I was having a conversation this week with Lisa Skube, a fellow at the Reynolds Journalism Institute, when something she said struck me as being so on-point I immediately jotted it down in my notebook.
Lisa, who is exploring ways to improve the networks smart thinkers use to share and learn as they work to build the future of news and information, was talking about the comments people leave on websites.
Those comment areas, she said, are the place conversations go to die.
Of course, this isn’t universally true. Some sites have robust comment areas, where true dialogue occurs. But as a former newspaper editor who wrestled with the issue of user comments online for years, her remark struck a very familiar chord in me.
I was still mulling that when, during a conversation with my husband, he used the phrase “interactive media.’’ And I just couldn’t help myself: Why do we call it interactive, I said, when we don’t fully take advantage of the opportunity to do just that – interact with each other, in real time, around the news of the day.
Certainly social media has changed the dynamic radically. I find myself involved in dialogue and sometimes debate among my Facebook friends about a particular story someone has posted to his wall. While I likely never feel drawn to post a comment on the exact same story on a news site – I must admit, I never have done that – in a social media context, I feel as if I’m being invited to do so.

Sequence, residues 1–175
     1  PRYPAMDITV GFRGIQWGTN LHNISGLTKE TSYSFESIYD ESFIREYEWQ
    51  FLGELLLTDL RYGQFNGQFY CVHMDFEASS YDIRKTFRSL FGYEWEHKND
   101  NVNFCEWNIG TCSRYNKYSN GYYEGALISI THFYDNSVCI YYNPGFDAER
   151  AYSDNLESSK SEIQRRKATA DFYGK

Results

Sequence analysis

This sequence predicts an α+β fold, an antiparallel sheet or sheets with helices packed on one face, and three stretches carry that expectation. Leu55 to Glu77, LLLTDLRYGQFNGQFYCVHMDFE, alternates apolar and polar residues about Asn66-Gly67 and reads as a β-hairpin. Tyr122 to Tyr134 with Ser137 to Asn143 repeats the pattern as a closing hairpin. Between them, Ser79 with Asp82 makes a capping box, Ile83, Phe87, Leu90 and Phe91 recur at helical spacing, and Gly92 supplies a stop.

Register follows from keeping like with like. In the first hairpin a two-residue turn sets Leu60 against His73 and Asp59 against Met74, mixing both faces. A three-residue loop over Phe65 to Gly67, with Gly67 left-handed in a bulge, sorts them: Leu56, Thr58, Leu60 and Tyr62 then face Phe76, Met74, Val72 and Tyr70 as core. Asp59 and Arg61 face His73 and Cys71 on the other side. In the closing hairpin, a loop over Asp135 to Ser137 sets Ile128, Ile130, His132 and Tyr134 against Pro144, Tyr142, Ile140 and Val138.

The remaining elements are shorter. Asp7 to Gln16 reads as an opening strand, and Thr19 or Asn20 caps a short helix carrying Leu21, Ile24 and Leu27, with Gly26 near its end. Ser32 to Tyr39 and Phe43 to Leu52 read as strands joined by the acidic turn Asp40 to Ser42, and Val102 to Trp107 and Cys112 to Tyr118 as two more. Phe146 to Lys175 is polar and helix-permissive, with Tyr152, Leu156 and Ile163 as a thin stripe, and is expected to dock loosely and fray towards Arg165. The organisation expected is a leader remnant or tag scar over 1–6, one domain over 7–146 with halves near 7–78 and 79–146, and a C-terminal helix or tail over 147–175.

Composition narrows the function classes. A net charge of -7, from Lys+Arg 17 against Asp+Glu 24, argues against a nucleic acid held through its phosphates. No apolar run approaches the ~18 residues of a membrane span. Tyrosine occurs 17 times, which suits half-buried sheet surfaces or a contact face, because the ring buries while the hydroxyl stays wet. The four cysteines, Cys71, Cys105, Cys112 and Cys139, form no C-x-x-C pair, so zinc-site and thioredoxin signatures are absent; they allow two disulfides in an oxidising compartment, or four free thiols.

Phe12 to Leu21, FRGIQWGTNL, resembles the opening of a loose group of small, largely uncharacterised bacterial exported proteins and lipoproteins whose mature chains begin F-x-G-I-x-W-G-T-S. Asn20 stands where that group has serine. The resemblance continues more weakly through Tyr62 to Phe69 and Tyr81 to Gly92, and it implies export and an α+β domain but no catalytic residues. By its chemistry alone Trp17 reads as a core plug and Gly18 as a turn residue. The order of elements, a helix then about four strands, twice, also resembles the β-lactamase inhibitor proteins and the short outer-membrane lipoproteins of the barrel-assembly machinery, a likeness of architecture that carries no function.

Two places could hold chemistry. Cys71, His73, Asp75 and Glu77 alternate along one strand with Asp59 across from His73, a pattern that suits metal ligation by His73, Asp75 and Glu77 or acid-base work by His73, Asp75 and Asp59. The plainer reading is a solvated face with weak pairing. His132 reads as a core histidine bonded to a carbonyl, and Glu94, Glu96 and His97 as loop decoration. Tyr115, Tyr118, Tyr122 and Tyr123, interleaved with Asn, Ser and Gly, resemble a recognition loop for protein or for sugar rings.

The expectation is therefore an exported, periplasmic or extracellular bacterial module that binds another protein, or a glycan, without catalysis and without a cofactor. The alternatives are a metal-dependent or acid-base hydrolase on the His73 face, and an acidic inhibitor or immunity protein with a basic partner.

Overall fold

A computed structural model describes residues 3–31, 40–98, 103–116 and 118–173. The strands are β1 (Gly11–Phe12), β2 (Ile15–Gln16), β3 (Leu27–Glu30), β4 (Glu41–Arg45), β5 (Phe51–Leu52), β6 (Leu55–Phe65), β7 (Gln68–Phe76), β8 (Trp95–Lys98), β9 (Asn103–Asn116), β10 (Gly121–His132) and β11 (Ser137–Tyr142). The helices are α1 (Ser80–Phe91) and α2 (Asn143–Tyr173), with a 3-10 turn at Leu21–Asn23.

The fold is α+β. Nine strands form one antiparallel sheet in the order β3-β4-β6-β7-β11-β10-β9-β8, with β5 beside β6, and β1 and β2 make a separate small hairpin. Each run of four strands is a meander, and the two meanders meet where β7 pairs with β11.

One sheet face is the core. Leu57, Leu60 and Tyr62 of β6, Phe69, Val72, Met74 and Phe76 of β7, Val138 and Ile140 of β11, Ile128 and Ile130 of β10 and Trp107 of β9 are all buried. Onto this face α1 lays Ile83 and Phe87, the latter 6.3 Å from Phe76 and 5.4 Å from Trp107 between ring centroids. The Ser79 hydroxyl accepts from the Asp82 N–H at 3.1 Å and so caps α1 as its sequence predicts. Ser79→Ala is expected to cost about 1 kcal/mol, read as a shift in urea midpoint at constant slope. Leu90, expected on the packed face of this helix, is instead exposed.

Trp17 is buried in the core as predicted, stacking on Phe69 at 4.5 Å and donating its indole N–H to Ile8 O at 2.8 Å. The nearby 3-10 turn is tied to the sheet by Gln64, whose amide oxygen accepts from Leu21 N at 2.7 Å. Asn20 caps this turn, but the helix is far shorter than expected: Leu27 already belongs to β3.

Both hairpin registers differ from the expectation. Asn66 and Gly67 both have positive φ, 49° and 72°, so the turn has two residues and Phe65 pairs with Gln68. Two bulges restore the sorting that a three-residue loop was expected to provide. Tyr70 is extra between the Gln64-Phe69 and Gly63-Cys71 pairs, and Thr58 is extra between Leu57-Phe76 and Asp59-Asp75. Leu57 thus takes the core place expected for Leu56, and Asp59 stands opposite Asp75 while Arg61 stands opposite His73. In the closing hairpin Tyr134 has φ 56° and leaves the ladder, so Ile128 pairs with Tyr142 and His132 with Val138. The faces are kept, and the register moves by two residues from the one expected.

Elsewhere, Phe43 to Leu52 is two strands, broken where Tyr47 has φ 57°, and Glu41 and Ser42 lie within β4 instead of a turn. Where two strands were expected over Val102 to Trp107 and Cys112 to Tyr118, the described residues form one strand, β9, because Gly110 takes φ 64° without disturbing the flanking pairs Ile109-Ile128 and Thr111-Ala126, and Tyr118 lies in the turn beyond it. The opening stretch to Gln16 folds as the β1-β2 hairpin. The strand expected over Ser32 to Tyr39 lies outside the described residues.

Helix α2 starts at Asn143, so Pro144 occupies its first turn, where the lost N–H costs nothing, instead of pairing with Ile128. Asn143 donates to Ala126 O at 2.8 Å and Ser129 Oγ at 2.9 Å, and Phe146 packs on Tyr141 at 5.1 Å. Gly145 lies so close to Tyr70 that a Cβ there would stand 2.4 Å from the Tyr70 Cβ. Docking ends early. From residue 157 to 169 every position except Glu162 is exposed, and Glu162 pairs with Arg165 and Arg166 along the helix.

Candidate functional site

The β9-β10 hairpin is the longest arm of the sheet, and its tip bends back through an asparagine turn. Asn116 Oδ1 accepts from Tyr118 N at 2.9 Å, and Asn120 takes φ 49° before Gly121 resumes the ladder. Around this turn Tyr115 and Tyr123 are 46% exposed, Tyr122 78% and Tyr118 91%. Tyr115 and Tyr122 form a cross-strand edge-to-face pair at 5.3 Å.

I suppose it is the difference between reading and talking. When I’m on the New York Times website, I am in reading mode – which for me, is a private, interior activity. When I’m on Facebook, I’m there to talk and to see what others are saying.
This is the experience of one, very middle-aged journalist – hardly a focus group for the digital future. But I think it does speak to the issue that most news organizations haven’t figured out, and that entrepreneurial community news startups are starting to get very right.
Reporting the story, presenting the information, is not the end of the process – it is, in many ways, the midpoint. My friend Joy Mayer, another Reynolds Journalism Institute fellow, has been studying the issue of engagement this year. One of my favorite posts about her journey came when she interviewed The Guardian’s Meg Pickard about what engagement means to her organization.
You can find Joy’s interview with Meg here, and I highly recommend it. But the gist of it is, traditional journalism really has no intersection between the journalist and the community. The journalist does all her work during the reporting and writing phase; once the story appears, she sees her work as being done. The community has little to no input into that reporting and writing work and only enters the process after the story is published – just as the journalist is exiting the equation.
As I’ve been thinking about community management as a way of keeping the dialogue alive for the group of entrepreneurial community publishers we’re working with at The Patterson Foundation, I’ve been struck again and again by the mistakes of my past. In tradition newsrooms, I never pushed hard enough for journalists to participate in the dialogue about the stories they were reporting and writing. I must have listened a thousand times to the complaints about how ugly and uninformed reader comments were on our website.
And what I should have said was: What are you doing to change the conversation?
True interactive media is just that: A place where we interact, where we discuss and debate and disagree. We should never be satisfied with letting the conversation die.
Learn about these and other concepts used in TPF's approach to philanthropy.
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